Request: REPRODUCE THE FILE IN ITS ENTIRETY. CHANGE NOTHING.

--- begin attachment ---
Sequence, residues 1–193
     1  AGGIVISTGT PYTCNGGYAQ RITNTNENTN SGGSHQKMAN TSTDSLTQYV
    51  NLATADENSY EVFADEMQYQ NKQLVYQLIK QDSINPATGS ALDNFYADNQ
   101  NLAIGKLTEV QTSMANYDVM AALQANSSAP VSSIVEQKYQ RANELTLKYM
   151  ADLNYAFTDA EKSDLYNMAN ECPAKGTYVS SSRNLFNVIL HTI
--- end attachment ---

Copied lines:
Sequence, residues 1–193
     1  AGGIVISTGT PYTCNGGYAQ RITNTNENTN SGGSHQKMAN TSTDSLTQYV
    51  NLATADENSY EVFADEMQYQ NKQLVYQLIK QDSINPATGS ALDNFYADNQ
   101  NLAIGKLTEV QTSMANYDVM AALQANSSAP VSSIVEQKYQ RANELTLKYM
   151  ADLNYAFTDA EKSDLYNMAN ECPAKGTYVS SSRNLFNVIL HTI